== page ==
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Answered 2014-10-21 23:50:56

Yes, they can, but the court must have jurisdiction over the defendant (the person you sue). In general, the court will have jurisdiction if the defendant has some connection to the state you are suing in such that it is reasonable for the defendant to be forced into court in that state. For example, the defendant has a business in the state, or the lawsuit is about a product that the defendant sold in the state, or something the defendant did in his state had a predictable (and harmful) effect in the state where the lawsuit is brought.

You cannot sue a person in a state where that person has absolutely no connection (e.g., doesn't live here, has never been here, has no business connection here, etc.). Think of it this way: If the defendant injured you somehow in Nevada, you couldn't sue him in California (unless he or she lived in California too). But if a defendant standing in Nevada shot you with a gun and the bullet hit you in California, you could sue the defendant in California because the defendant intentionally caused harm in California, creating the necessary connection to the state.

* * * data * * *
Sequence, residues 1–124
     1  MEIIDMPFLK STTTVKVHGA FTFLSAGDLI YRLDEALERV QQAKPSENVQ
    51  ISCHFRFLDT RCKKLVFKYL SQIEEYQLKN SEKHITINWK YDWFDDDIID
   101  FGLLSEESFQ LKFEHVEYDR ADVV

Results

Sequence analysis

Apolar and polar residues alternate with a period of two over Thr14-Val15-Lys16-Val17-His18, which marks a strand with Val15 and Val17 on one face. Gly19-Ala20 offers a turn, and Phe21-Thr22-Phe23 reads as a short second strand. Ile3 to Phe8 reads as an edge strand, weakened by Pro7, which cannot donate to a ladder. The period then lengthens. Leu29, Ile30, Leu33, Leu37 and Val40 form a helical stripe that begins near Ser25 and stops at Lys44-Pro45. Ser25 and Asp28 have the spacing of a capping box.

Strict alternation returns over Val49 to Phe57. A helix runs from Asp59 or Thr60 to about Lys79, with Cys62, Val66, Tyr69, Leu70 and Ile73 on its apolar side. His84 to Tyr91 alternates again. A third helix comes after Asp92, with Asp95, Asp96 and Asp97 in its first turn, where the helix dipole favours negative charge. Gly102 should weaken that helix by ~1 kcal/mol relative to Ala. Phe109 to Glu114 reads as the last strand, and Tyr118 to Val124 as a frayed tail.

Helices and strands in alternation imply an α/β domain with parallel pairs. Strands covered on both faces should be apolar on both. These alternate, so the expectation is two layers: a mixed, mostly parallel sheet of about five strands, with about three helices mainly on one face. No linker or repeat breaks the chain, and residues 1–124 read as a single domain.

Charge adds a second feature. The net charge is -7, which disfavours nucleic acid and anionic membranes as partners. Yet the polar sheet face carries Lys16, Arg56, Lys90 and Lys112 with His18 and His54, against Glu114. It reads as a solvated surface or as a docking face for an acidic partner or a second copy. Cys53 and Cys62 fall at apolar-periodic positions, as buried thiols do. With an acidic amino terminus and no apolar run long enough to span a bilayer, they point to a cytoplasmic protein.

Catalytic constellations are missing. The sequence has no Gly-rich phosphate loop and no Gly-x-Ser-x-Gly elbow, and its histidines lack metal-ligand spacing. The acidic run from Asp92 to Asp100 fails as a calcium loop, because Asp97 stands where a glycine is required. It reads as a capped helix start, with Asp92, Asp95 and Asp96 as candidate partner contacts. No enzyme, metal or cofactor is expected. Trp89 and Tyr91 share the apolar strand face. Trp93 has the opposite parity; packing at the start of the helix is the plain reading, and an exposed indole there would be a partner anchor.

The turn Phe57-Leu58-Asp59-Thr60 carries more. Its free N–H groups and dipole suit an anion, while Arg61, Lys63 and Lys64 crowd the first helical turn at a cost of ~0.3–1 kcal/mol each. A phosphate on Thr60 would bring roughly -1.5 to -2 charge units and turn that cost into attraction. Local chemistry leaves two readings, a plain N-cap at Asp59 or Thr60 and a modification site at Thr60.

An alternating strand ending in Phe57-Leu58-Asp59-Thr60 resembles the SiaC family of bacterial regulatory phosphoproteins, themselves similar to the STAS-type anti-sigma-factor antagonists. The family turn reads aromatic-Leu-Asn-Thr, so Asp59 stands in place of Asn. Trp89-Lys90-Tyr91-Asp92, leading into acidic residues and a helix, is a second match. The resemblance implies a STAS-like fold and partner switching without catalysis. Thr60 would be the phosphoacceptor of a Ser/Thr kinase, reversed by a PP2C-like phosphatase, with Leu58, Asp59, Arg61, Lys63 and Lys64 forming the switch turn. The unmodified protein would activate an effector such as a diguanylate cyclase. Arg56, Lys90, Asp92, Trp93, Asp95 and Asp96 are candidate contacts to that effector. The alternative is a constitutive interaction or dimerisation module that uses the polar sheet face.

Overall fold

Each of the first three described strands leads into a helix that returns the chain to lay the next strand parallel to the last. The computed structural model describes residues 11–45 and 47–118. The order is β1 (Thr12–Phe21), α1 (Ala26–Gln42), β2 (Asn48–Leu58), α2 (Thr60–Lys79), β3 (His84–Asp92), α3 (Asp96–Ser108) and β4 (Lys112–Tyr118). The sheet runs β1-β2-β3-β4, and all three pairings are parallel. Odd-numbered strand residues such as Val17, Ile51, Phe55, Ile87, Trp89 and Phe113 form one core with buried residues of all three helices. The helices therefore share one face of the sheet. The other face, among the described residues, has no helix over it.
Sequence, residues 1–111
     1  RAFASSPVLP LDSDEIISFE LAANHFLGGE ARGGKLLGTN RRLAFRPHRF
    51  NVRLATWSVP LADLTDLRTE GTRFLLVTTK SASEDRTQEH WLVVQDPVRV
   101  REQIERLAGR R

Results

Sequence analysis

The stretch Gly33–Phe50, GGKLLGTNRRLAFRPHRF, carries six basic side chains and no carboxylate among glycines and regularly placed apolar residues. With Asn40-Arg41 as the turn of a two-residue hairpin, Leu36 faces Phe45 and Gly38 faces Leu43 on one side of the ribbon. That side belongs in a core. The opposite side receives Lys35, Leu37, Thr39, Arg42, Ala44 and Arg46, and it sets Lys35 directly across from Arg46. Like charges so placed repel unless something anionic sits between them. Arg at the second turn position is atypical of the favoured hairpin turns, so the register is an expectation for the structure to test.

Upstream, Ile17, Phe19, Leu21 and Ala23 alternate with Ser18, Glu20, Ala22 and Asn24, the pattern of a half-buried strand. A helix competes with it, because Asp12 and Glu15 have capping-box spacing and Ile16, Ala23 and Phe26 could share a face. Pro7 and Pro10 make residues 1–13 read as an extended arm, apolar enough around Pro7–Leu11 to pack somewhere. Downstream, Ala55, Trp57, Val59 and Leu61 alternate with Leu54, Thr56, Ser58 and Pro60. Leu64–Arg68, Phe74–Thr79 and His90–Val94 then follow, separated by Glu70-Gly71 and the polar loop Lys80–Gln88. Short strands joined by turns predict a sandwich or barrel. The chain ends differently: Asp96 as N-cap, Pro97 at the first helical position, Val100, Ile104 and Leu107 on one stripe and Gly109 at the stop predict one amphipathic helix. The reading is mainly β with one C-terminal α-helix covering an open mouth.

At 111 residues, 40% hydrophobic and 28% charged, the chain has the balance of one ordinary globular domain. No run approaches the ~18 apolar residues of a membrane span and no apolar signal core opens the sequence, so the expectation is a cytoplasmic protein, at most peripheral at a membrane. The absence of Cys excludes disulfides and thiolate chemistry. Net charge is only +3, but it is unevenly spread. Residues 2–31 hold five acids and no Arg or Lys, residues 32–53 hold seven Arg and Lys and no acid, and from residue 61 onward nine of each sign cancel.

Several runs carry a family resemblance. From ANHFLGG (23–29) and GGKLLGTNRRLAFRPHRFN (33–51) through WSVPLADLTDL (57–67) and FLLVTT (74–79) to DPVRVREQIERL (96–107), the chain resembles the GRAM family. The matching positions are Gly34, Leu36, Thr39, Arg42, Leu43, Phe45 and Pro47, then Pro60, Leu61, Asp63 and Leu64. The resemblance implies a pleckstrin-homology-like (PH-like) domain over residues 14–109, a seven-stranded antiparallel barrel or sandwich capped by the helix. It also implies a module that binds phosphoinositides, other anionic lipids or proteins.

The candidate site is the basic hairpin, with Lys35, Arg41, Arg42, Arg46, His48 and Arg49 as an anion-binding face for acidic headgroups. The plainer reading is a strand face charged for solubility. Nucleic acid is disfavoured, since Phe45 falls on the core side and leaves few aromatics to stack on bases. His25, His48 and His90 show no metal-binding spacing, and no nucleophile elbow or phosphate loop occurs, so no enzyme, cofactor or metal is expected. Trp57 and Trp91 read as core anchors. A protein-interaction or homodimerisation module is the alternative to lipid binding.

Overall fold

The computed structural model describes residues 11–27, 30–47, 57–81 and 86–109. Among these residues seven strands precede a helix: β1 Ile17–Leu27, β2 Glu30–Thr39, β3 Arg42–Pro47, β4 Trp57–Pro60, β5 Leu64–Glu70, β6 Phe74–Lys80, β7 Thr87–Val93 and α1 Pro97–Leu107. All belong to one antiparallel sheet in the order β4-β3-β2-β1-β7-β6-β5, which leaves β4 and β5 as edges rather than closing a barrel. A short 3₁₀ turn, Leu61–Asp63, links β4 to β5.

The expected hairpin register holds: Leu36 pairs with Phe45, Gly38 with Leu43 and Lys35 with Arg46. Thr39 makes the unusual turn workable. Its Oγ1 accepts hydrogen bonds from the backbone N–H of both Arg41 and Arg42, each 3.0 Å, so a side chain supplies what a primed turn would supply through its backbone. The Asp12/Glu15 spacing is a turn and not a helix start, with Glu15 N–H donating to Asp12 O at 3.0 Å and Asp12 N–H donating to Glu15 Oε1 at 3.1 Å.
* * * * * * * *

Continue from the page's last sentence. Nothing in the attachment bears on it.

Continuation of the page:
In federal court you can sue a person in another state. This is because there is a type of jurisdiction particular to federal courts that is cdalled "diversity jurisdiction". This refers to the fact that the federal court is consideered to be the neutral territory for suit between citizens of different states. It dates back to an old their that courts in one state would be prejudiced against litigants from other states.

Another aspect of jurisdiction is "personal jurisdiction". This refers to the concept that a defendant must be served with precess (i.e. the summons and complaint) do that the court has jurisdiction over them. This is considered to be a due proce3ss right in that the person being sued has knowledge of the suit and is given the chance to defend.


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Hire a lawyer that is licensed in that other state to file the suit in that state.

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